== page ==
Four degrees warmer. At least. And I had a goddamned baby. And when I saw his shit-smeared body, I wanted ten. And I’ll keep having babies to pile on top of me at night—to fill a bed, a backyard, a prairie—and tell me they love me.
When I get to the last section of Rogers’s book, I hear the unsettled voices of survivors. Here, the Dear Leader poems are collected and the world is a garbled reality—part remembering, part forecast. The addressee is somehow related to the leader of the lost from the book’s epigraph, but whether the lost are members of a cult or the straggling remainders of an apocalypse doesn’t matter. The significance lies in the flavour of condemnation for our entire species: the only honest eyes belong to babies and dogs. In “Dear Daughter,” one speaker gives an account of the world before—and it looks a lot like an already fallen world, with bands of beloved wife beaters and Christmas trees crying on the curb. Ah, that’s my world. I saw my enemy unhinge his jaw to suck down a kitten. That’s the world I pushed my son into.
His name is Winter. For fallow. For retreat. For the invisible sun far beneath the horizon. The disappeared and the long darkness. For highways and the deepness that extends overhead. For air hoar and proton light and pole star. Quietude. Heaviness and wool. For he’s hardy. We are of the north and he’s stone. For I don’t want him to be alone but we’re alone. At the end, here. Etched in purples and whites and greys. For transience. For the lost and the stolen. For he’s a cloud at the level of my heart.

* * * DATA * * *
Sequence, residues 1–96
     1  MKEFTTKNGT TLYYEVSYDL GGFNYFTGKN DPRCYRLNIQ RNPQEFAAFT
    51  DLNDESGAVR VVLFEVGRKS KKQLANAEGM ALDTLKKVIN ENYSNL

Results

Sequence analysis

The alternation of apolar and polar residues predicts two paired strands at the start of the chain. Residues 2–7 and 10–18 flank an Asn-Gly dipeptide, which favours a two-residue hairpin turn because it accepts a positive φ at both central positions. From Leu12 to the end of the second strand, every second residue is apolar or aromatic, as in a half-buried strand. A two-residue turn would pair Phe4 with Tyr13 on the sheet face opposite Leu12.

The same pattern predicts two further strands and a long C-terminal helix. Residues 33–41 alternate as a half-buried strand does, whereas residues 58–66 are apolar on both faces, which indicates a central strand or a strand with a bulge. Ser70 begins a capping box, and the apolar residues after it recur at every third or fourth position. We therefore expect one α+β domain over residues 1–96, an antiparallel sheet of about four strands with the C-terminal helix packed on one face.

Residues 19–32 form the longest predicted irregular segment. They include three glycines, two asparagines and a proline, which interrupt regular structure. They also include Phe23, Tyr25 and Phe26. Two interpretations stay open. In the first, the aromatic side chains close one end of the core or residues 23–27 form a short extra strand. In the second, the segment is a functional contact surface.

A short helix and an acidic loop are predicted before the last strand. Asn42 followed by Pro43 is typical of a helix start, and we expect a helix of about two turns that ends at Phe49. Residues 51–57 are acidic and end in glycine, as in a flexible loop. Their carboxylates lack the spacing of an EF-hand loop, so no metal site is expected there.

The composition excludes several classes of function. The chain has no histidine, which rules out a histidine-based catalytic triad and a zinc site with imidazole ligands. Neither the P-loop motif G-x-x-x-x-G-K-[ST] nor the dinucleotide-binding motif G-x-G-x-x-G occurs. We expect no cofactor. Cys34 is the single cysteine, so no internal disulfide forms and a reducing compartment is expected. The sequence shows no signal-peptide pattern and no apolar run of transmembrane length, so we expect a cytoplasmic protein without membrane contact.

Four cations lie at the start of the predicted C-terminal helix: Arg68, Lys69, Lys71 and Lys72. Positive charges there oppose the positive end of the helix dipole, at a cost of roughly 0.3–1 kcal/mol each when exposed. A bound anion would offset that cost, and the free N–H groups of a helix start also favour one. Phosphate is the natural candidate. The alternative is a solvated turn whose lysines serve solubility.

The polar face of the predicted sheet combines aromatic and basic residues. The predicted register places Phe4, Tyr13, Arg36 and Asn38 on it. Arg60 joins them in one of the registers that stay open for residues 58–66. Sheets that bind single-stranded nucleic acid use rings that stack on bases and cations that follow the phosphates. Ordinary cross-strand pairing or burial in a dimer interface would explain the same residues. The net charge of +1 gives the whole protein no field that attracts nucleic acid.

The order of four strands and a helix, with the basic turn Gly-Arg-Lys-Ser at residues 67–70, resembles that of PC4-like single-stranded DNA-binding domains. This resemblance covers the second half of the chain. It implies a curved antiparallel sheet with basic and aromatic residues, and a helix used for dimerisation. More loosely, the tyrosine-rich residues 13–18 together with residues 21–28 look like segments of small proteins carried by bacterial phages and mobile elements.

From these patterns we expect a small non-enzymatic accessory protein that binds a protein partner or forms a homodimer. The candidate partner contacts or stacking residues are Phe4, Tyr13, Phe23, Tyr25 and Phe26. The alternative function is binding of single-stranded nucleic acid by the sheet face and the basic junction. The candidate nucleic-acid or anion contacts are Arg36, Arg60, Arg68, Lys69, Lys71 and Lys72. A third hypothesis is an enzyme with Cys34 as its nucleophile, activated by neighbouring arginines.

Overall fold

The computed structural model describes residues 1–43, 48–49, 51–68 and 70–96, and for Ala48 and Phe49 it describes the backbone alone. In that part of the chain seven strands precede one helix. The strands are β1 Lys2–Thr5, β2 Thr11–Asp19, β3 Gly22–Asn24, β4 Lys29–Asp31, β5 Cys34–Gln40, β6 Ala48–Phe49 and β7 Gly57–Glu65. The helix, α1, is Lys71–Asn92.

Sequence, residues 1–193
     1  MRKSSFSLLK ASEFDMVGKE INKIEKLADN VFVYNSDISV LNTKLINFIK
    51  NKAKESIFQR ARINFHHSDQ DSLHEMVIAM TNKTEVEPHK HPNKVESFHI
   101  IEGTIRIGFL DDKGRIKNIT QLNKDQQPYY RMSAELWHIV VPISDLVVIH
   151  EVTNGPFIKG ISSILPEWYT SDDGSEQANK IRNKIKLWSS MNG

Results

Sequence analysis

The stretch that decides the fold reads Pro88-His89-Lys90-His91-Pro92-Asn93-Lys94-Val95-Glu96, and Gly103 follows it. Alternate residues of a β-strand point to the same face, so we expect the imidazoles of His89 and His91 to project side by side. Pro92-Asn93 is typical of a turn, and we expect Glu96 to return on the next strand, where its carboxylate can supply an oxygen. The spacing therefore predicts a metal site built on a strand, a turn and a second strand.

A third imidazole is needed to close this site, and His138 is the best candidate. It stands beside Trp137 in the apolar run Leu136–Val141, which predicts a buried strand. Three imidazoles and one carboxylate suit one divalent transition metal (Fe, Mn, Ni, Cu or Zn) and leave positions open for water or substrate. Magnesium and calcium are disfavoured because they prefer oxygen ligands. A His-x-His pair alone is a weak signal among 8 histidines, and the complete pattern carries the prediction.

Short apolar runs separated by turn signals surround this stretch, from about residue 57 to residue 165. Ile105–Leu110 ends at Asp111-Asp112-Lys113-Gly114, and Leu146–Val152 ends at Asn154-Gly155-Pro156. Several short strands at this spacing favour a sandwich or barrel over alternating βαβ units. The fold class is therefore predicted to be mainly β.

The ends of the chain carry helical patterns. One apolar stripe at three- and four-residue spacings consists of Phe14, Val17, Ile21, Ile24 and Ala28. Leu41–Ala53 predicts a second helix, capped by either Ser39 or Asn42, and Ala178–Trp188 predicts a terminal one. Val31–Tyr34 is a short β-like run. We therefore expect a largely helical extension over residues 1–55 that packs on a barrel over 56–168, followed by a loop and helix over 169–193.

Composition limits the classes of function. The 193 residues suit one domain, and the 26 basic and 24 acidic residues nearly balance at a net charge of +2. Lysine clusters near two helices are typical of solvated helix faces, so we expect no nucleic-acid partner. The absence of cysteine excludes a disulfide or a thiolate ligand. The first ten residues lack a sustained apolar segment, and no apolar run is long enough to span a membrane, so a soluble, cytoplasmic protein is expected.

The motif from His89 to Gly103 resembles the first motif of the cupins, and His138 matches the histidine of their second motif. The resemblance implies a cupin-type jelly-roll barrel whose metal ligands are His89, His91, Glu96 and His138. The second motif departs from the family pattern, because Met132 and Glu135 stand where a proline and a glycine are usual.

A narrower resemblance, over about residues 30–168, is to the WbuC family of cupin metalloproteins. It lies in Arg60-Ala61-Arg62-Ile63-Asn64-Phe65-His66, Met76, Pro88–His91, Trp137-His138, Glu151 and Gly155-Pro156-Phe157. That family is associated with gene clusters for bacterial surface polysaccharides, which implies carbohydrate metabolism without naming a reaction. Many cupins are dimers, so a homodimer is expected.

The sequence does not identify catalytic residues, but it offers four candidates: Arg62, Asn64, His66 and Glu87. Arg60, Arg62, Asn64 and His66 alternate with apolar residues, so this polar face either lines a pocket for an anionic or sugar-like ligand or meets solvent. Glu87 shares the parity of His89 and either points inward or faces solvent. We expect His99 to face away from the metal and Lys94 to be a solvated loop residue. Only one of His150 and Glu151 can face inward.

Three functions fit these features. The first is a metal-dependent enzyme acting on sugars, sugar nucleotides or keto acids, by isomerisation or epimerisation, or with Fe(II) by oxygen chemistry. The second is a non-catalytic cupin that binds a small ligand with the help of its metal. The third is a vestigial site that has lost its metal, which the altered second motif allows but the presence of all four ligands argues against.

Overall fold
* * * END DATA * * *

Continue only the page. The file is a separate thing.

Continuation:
The visionary is bedridden. The visionary does violence to herself, imagines the ones she loves dead in their favourite chairs, dead in distant car crashes. The visionary designates a community of women, mass meditation—the women I know go shut-in, sleep in their clothes for days in a row. The visionary and her sisters are in their individual beds in their individual rooms. Through the sea’s green lens, I see your future shrink.
Rogers’s voices are often mothers—but together they speak with more urgency and authority than any one mother can. They’re mediums, singing the outcome of the lives we’re leading and witnessing our poisoning as we gulp it down. This book is so sad, delivering a terminal prognosis. But it also records a parent’s cognitive dissonance—hope. Rogers offers the collection: for the ones / yet to come.
Everything you’re afraid will happen already has. It’s after the end of the world. What next.
My son is what’s next—he’s how I spend my time and he’s the germ of me, of my genes. Maybe there will be no children playing in the long grass. I don’t know if he can survive the world I’m creating.
I devoured Dear Leader with a baby beside me, on me. We cry together. It’s our new thing.
All phrases in italics are from poems in Damian Rogers’s Dear Leader.
Brecken Hancock’s poetry, essays, interviews, and reviews have been published or are forthcoming in The Puritan, Best Canadian Poetry in English, Lemon Hound, and on the site Canadian Women in the Literary Arts. Her first book of poems, Broom Broom (Coach House Books, 2014), won the Trillium Book Award for Poetry, and was named by The Globe & Mail as a debut of the year. She lives in Ottawa.